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How to report

In-kind contributions

An in-kind contribution is a non-monetary contribution. Goods or services offered free or at less than the usual charge result in an in-kind contribution. Similarly, when a person or entity pays for services on the committee’s behalf, the payment is an in-kind contribution. An expenditure made by any person or entity in cooperation, consultation or concert with, or at the request or suggestion of, a candidate’s campaign is also considered an in-kind contribution to the candidate.

The value of an in-kind contribution—the usual and normal charge—counts against the contribution limit as a gift of money does. Additionally, like any other contribution, in-kind contributions count against the contributor’s limit for the next election, unless they are otherwise designated.

Reporting on candidate forms

House and Senate committees report in-kind contributions from individuals on Form 3, Line 11(a). In-kind contributions from party committees are reported on Line 11(b), and in-kind contributions from PACs are reported on Line 11(c).

When determining whether to itemize an in-kind contribution, treat it the same as a monetary contribution. In-kind contributions from other committees are itemized regardless of the amount. In-kind contributions from individuals are itemized if the contributions from the source aggregate over $200 during the election cycle.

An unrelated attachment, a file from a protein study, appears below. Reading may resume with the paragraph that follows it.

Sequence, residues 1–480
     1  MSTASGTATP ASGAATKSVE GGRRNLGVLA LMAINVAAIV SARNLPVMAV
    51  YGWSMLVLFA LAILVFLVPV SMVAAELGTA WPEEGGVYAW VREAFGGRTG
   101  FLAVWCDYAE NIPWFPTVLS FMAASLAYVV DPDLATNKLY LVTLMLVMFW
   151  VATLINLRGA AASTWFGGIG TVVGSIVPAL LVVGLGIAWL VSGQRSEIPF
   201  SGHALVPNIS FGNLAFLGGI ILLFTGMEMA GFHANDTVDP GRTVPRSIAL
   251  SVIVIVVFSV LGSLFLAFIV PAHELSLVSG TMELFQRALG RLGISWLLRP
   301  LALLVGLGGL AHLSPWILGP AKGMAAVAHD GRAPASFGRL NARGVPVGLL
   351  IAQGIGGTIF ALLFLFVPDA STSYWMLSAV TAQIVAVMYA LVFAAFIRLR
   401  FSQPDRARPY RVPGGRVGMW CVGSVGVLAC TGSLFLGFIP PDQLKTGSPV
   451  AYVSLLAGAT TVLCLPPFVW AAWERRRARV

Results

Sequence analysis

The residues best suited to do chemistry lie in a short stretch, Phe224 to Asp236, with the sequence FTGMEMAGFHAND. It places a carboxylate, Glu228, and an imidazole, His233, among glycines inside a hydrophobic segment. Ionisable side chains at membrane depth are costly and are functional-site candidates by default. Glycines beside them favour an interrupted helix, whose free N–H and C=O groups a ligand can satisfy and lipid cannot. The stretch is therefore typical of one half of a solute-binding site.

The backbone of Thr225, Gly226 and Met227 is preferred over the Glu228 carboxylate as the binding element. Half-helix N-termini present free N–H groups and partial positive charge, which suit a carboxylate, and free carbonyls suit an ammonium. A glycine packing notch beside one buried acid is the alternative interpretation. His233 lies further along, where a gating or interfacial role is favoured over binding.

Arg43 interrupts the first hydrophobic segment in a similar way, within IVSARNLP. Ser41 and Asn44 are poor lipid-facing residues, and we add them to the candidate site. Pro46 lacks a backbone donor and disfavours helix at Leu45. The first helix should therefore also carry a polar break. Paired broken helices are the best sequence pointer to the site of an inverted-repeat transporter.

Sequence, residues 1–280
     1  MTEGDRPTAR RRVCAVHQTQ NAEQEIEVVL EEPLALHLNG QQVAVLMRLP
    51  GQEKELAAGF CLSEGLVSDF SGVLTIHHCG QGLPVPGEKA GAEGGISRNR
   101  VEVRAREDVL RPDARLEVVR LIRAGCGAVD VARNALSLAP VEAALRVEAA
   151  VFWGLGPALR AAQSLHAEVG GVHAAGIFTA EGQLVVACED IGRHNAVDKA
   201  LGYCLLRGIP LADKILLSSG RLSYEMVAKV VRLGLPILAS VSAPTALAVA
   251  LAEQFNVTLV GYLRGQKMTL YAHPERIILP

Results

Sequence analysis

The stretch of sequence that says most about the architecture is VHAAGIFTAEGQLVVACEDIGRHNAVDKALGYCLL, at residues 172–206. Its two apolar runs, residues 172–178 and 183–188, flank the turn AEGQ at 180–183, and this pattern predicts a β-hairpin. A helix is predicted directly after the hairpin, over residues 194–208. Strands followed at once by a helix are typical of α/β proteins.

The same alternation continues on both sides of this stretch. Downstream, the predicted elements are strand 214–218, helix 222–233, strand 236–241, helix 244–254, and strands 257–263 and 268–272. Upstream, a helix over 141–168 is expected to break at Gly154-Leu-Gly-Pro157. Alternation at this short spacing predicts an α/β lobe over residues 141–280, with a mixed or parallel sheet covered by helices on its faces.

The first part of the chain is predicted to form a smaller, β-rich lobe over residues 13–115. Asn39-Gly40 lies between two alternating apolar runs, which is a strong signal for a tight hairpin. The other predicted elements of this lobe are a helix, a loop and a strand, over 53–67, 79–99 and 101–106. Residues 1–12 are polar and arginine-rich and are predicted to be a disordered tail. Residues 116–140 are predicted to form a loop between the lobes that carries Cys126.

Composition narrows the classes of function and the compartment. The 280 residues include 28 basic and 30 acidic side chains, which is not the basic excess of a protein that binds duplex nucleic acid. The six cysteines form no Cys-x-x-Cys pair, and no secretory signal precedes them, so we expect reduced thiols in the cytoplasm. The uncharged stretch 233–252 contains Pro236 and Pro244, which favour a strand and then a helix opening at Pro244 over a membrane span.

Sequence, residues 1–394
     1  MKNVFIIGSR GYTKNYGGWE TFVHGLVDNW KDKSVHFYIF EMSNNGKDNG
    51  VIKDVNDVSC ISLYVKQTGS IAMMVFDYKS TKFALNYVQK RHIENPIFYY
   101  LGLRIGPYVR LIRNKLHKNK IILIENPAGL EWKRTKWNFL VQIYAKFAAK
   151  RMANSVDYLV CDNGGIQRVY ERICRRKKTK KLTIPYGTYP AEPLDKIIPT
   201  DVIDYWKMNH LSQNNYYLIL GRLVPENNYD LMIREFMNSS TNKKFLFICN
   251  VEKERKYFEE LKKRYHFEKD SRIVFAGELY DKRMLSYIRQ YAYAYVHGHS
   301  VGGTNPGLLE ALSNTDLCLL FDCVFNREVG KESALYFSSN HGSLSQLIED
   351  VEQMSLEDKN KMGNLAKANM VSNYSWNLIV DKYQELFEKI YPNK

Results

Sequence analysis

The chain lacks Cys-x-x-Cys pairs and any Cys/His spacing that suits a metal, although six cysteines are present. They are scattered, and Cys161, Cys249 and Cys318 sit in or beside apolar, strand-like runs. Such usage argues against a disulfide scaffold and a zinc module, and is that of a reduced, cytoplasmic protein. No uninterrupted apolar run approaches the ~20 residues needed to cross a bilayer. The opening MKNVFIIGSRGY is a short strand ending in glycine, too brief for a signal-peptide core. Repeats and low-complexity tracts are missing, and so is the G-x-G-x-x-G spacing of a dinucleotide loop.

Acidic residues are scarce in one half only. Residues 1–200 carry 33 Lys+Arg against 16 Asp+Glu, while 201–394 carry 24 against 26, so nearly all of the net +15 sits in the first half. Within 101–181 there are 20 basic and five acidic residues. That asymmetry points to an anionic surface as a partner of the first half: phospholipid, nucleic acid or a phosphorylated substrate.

The amount of an in-kind contribution must also be included in the committee’s total operating expenditures on Line 17 in order to avoid inflating cash on hand. It is itemized as an operating expenditure on Schedule B, supporting Line 17, only if it has to be itemized as a contribution on Schedule A.

Step 1: In-kind reported as a receipt


The committee reports receiving printing and mailing expenses paid by a supporter as a contribution. It reports the contributor’s name (Benjamin Franklin), mailing address, employer, and occupation. It also reports details about the in-kind, including its value, the date it was given, election designation, and aggregate election cycle-to-date total for Benjamin. The committee also includes a notation “In-Kind: Printing and Mailing Expenses.”

Step 2: In-kind reported as a disbursement


The committee also reports the value of the printing and mailing expenses as a disbursement to avoid inflating their cash on hand. The payee is the contributor’s name, Benjamin Franklin. The purpose of disbursement clearly states “In-Kind: Printing and Mailing Expenses,” so that the type of in-kind given to the committee is clear on the public record.

Reporting with FECFile

On the Summary Page tab, right click on the contributor’s category and select “new.” Enter the contributor’s information and check the “in-kind” box. This will ensure that the contribution is on both Schedule A and B. In the description field, “In-kind:” will be added automatically. Add a description of the in-kind received.

Learn more about reporting in-kind contributions in FECFile